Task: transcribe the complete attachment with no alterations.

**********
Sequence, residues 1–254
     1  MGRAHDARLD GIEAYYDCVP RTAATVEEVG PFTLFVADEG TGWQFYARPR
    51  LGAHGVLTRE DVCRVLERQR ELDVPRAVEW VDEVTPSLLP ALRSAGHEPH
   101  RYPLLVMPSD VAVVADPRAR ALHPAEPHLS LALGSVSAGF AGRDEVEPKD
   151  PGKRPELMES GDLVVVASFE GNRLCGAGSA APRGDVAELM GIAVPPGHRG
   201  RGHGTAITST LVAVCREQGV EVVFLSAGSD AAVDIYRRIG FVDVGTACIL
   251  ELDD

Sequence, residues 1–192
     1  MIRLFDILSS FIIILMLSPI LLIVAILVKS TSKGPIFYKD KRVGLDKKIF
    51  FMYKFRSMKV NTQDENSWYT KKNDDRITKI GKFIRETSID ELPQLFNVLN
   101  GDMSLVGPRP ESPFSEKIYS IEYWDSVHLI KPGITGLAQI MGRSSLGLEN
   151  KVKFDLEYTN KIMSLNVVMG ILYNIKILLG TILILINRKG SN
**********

Sequence, residues 1–254
     1  MGRAHDARLD GIEAYYDCVP RTAATVEEVG PFTLFVADEG TGWQFYARPR
    51  LGAHGVLTRE DVCRVLERQR ELDVPRAVEW VDEVTPSLLP ALRSAGHEPH
   101  RYPLLVMPSD VAVVADPRAR ALHPAEPHLS LALGSVSAGF AGRDEVEPKD
   151  PGKRPELMES GDLVVVASFE GNRLCGAGSA APRGDVAELM GIAVPPGHRG
   201  RGHGTAITST LVAVCREQGV EVVFLSAGSD AAVDIYRRIG FVDVGTACIL
   251  ELDD

Sequence, residues 1–192
     1  MIRLFDILSS FIIILMLSPI LLIVAILVKS TSKGPIFYKD KRVGLDKKIF
    51  FMYKFRSMKV NTQDENSWYT KKNDDRITKI GKFIRETSID ELPQLFNVLN
   101  GDMSLVGPRP ESPFSEKIYS IEYWDSVHLI KPGITGLAQI MGRSSLGLEN
   151  KVKFDLEYTN KIMSLNVVMG ILYNIKILLG TILILINRKG SN